"stylish sets by Tim Reed"
Hugh Canning, Sunday Times
"Tim Reed's sets and costumes promiscuously straddle the Victorian and Edwardian periods...it looks a sumptuously colourful treat"
Rupert Christiansen, Daily Telegraph
Tim Reed has an international reputation as an opera and theatre designer. His opera credits include production for Paris Opera (Docteur Faustus), Netherlands Opera (L’Ormindo), English National Opera (The Merry Widow), Welsh National Opera (Die Fledermaus) and Opera Holland Park (Madam Butterfly). He has worked extensively in Sweden, designing Don Giovanni for Gothenburg Opera, and The Coronation of Poppea amongst others for Norrlands Opera. In Ireland he has worked for Wexford Festival Opera and Opera Northern Ireland where designs have included Il Mondo della Luna, Macbeth and Falstaff. He designed Le nozze di Figaro for Kirov Opera and La Traviata for New Israeli Opera and his productions have also been seen in Madrid, Monte Carlo and Marseilles.
He works regularly with prominent theatres in London’s West End and beyond, designing Stephen Bill’s Curtains, (Hampstead & Whitehall Theatres), Frank McGuinness’s Bag Lady (Traverse Theatre Edinburgh), The York Mystery Cycle with Steven Pimlott (Gate Theatre Dublin), a Tom Murphy series at Irish National Theatre and the premiere of Anthony Minghella’s Two Planks and a Passion (Northcott Theatre Exeter). For The Grange Festival he has designed Albert Herring and The Abduction from the Seraglio.
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Le Nozze di Figaro
The Grange Festival (June 2019)
On the face of it this Marriage of Figaro is a faithful period production. The overture opens in bucolic bliss. In the Almaviva palace, its rooms painted a handsome brown, Figaro is measuring up the marital bed. Yet an unsettling darkness gathers here [through Tim Reed's designs] too, echoed by the vines, fruits and flowers sprawling across those interior walls... The Academy of Ancient Music's colour palette is as earthy as Tim Reed's autumnal costumes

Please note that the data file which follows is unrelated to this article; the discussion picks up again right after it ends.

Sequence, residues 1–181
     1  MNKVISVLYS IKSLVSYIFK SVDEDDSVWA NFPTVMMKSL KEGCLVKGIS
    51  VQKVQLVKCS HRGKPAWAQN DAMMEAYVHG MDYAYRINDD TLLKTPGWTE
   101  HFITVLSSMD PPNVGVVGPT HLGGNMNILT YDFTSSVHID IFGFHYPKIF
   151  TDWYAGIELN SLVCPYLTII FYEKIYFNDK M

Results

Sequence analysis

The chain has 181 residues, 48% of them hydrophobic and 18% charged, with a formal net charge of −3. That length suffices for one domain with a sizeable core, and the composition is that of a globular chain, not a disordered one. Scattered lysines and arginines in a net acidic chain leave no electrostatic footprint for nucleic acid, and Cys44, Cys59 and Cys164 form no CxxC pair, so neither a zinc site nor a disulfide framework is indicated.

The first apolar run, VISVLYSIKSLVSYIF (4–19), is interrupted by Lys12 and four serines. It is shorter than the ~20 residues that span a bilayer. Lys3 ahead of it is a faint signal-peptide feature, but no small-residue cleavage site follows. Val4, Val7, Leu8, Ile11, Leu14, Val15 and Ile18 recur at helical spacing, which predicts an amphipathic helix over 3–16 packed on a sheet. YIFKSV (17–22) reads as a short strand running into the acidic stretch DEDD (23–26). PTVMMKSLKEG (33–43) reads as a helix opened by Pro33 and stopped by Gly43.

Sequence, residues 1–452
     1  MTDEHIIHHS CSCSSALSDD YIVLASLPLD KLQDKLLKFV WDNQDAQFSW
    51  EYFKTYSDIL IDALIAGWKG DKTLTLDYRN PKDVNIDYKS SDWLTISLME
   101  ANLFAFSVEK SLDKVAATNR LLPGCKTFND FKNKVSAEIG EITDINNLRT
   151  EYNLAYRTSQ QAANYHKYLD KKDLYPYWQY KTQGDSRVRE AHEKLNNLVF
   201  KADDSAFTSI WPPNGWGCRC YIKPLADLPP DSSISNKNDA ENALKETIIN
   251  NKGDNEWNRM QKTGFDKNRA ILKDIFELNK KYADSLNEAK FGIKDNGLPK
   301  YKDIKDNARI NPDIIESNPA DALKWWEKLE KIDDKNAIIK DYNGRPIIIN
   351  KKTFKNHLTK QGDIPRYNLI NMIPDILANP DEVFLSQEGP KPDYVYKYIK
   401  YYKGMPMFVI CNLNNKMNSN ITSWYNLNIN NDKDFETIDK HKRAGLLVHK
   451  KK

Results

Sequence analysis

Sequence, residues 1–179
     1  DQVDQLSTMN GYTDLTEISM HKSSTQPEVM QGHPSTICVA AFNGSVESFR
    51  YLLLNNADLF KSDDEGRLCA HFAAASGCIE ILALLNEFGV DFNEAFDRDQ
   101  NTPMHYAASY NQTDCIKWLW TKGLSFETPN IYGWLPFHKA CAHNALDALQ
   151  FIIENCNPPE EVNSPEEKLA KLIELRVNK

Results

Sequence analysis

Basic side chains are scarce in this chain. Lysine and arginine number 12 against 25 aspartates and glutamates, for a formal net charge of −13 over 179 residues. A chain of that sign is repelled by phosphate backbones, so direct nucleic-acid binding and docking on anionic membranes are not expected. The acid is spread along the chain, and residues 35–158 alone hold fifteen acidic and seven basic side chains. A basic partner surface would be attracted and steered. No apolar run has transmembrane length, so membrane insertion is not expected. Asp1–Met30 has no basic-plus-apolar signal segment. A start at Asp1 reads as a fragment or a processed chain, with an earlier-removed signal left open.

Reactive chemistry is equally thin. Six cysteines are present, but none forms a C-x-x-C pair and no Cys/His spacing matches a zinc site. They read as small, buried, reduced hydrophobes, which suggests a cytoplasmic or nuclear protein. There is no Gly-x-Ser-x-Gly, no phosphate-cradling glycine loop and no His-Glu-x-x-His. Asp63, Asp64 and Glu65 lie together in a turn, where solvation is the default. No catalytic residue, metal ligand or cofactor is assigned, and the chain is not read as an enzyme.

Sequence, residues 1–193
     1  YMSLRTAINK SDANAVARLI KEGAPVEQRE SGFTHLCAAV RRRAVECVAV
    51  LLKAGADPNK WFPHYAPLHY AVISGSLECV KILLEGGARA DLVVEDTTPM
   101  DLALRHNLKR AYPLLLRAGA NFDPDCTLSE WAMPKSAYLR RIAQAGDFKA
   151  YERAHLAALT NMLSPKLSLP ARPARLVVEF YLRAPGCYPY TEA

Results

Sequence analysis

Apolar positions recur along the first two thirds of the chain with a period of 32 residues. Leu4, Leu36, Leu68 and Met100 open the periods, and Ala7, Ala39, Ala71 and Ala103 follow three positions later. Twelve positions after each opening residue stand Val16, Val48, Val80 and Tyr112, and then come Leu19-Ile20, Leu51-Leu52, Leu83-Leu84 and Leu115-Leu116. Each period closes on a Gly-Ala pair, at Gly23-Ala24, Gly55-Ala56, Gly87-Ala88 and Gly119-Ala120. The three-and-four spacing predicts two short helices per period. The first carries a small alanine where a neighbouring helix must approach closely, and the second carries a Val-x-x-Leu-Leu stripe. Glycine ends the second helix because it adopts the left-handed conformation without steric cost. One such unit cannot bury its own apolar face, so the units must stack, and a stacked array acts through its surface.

Rebecca Franks, The Times
It’s refreshing to encounter a Marriage of Figaro set in period and – even more precisely – in Seville. Designer Tim Reed creates elegant interiors
George Hall, The Stage
I came to appreciate the clever simplicity of the set design
Andrew Neill, Classical Source ****
Gimmick-free, the design gives us a slightly scuffed and distressed aristocratic mansion, all faded duns and tans but decorated with poisonous-looking wreaths of foliage and flowers. Even if the shadow of the guillotine doesn’t quite fall across the Count’s domains, as it can in more didactic productions, this ancien régime has apparently neared the end of its days. Which seems apt for a show mounted in the practical theatre built within this famously grand but shabby Baring-family property, hidden deep in the Hampshire countryside. You can imagine the action of Figaro unrolling through this very house and park
Boyd Tonkin, Arts Desk ****
The set itself is largely bare – this is not a mansion that is full of the frills and frippery of the nobility of the time – and the lavish backdrops are faded, the furniture old and the doorways chipped. Rather like their marriage, the Almaviva home is neglected and crumbling
Dominic Lowe, Bachtrack ****
A 21st-century take on a classical piece, re-imagined without recourse to cliché, with beautifully appropriate costumes and elegant sets
Melanie Eskenazi, Music OMH ****
Despite the elegant period costumes and conventional designs mostly of flats and screens, contemporary resonances abound
David Truslove, Opera Today
The Abduction from the Seraglio
The Grange Festival (July 2018)
Tim Reed's designs gave us an attractive period nod to Ottoman style, enhanced by a beautifully lit sea-and-sky backdrop, and his costumes boldly riffed on Eastern-promise stereotypes of turbans, extravagant gowns, Janissary uniforms, pointy sandals et al.
Peter Reed, Opera Magazine
The Grange Festival (June 2017)
Tim Reed’s sets and Prue Handley’s costumes perfectly recreate the rural-period ambience.
George Hall, The Guardian ****
In Tim Reed’s beautiful, mobile sets and 1940 costumes, Copley’s staging had a fluidity that recalled Peter Hall’s classic Glyndebourne staging of 1985, yet the scene changes were effected in front of the audience.
Hugh Canning, Opera Magazine
Tim Reed’s Production List
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